Have you ever heard of Paul Kay and Brent Berlin? In the 1960s, they conducted a study based off a simple color assessment, which involved twenty individuals having to identify 330 color chips by name. Their theory was if a specific language has a certain number of color words, you could determine what those would be easily, for example:
Six Color Words: White, Black, Red, Green, Yellow, and Blue
Four Color Words: White, Black, Red, and Green OR Yellow
Three Color Words: White, Black, and Red
But stipulations arose, as not all languages perceive color the same way, visually or grammatically, as the English-speaking language does. Less industrialized countries that have fewer color words use more ‘descriptive’ words instead, such as languages that only have color words for shades of blacks, whites, and reds. Typically, the rest of the colors are depicted as other descriptive items, such as the sea, grass, trees, or sky.
If you noticed, most of those descriptive colors are all cool colors, the hardest to describe and differentiate. They can all be seen as ’background’ colors. More ‘foreground’ colors we see are warmer tones, such as fruits, animals, skin, and hair.
English speaking and industrialized countries have eleven color names: black, white, red, green, yellow, blue, brown, orange, pink, purple, and gray. Russia has twelve, as they split blue into light blue and dark blue. But there are specific languages in the world, like Wobé of Côte d’Ivoire, that have only three words for color. Now you might be wondering, why is having a name for red more common than blue? Some people argue that red is in more ‘naturally forming’ things in nature in comparison to blue. Berlin and Kay argued that certain colors, such as red, white, and black, are more salient, or more noticeable, or important.
Another reason could be that the warm colors, such as red, orange, and yellow, are easier to convey efficiently than the cooler colors, such as blue. With all that being said, we here at TM decided to have our own take on hypotheses ourselves!
We gave all seven employees here a 98 color chip sheet and asked all to label the 11 English color names. The hypothesis was that we would unknowingly guess the same colors in a similar order of Paul Kay and Brent Berlin’s theory: Black, White, Red, Green, Yellow, Blue, and the rest would follow. The results of our in-house test were actually very close to the original study.
# of matching color chips we said were the same color:
White: All 7
Gray: 2 (Two groups of two)
As you can see, our results matched the hypothesis of order almost to a tee. But to our surprise, the next most was purple, which is typically farther down the list of color names.
We all have a tendency to take for granted that the words that we use are understood universally as meaning the same thing to everyone. In reality, though, there are many words that can and do mean vastly different things to different people, with color being a prime example.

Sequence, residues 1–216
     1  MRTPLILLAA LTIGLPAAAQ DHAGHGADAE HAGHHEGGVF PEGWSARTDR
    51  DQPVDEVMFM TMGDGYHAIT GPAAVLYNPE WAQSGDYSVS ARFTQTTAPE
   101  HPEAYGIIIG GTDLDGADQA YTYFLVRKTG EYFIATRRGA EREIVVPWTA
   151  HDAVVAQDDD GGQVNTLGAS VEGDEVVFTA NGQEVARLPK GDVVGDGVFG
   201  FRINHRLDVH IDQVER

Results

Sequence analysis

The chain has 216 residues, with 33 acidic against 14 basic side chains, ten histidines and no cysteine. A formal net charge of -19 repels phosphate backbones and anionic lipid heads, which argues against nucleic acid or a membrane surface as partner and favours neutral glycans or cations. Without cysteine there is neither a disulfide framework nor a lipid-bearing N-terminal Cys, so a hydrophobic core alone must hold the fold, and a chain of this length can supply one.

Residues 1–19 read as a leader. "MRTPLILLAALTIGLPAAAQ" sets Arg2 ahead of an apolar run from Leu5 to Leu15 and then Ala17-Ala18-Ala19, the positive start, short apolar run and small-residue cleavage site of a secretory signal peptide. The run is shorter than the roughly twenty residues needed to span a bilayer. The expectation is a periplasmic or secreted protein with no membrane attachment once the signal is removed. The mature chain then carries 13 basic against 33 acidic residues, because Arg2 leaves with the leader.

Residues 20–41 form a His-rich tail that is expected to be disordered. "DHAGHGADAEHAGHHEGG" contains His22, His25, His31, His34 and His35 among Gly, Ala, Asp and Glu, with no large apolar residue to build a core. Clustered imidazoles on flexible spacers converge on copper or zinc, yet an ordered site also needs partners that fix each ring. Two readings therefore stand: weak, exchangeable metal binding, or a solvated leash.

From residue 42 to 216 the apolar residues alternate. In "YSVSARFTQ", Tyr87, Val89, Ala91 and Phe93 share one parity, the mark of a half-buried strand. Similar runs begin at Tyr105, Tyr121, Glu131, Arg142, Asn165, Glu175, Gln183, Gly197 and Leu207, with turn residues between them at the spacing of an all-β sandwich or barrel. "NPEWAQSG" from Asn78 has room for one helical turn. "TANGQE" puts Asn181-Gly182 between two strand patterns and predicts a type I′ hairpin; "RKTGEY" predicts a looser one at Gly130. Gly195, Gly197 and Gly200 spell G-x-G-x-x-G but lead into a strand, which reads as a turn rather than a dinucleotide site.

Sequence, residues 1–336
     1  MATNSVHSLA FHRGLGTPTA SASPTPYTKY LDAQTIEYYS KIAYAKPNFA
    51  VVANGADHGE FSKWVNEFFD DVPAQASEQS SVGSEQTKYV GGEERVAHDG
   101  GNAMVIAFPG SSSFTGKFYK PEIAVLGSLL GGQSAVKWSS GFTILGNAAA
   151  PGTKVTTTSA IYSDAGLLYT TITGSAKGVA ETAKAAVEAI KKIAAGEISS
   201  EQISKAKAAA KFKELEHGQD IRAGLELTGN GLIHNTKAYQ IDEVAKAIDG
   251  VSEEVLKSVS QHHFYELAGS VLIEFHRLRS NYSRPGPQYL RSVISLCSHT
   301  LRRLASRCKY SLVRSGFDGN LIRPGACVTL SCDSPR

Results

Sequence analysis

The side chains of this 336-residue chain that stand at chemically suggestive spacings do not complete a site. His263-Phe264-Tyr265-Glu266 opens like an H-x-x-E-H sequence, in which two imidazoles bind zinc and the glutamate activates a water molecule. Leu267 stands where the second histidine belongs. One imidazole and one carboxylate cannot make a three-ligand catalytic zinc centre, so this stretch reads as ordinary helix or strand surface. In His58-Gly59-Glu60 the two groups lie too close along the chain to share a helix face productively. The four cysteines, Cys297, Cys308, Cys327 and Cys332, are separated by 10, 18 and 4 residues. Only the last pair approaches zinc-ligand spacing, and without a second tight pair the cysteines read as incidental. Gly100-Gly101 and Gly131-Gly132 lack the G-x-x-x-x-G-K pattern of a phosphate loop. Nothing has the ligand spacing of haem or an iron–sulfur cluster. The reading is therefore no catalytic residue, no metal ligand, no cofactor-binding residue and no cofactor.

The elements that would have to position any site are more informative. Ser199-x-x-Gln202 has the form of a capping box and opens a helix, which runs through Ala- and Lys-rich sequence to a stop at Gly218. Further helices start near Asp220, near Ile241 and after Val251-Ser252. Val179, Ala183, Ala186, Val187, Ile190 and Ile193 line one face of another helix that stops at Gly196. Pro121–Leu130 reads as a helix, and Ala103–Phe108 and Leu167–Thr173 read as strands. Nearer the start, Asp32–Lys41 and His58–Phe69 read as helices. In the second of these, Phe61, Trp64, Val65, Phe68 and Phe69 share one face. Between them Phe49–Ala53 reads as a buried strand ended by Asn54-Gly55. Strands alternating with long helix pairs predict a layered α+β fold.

Here at Transformation Marketing we are currently in the midst of designing several websites and, as we work through the design discovery phase with our clients, we often hear words like ‘professional’, ‘upscale’, ‘sexy’, and ‘dynamic’ to describe the look that they would like to achieve – once we even had someone tell us that they wanted their site to look more ‘glossy’. With all of that in mind, we challenge you to ask yourself the following (just like we did with the color quiz we took here at the office): what do you visualize with each of those descriptive words listed above? Does a ‘professional’ looking website (or logo or ad or any other design piece) mean something specific to you in regards to a particular selection of colors, or how a font is utilized, or does it mean that you prefer the incorporation of professional stock photos instead of company photos or icons?
We had a client years ago that sold tools and he wanted his site to be ‘sexy’ so that it would appeal to his predominately male audience. Needless to say, there was some unpacking involved to understand his usage of that word – to him, a ‘sexy’ website meant that it had sleek lines. In another instance, we discovered that when someone was asking us to make something more ‘professional’ looking it meant that they wanted us to use drop shadows all throughout their design. In either of those instances…who would have guessed?!
All this to say, that perception plays a big role in how we communicate – be it describing colors or most anything else – and communication can be challenging because of that factor. So the takeaway from this intriguing blog topic and our internal poll is to show that it is important to take the time to clearly communicate the desired outcome before you set a design team free to work off their own independent perceptions. This will lead to a better end result and a happy experience – something we strive to provide all our clients!
Paul Kay and Brent Berlin: http://imbs.uci.edu/~kjameson/ECST/Hardin_BerlinKayTheory.pdf
Vox: The surprising pattern behind color names around the world: https://www.youtube.com/watch?v=gMqZR3pqMjg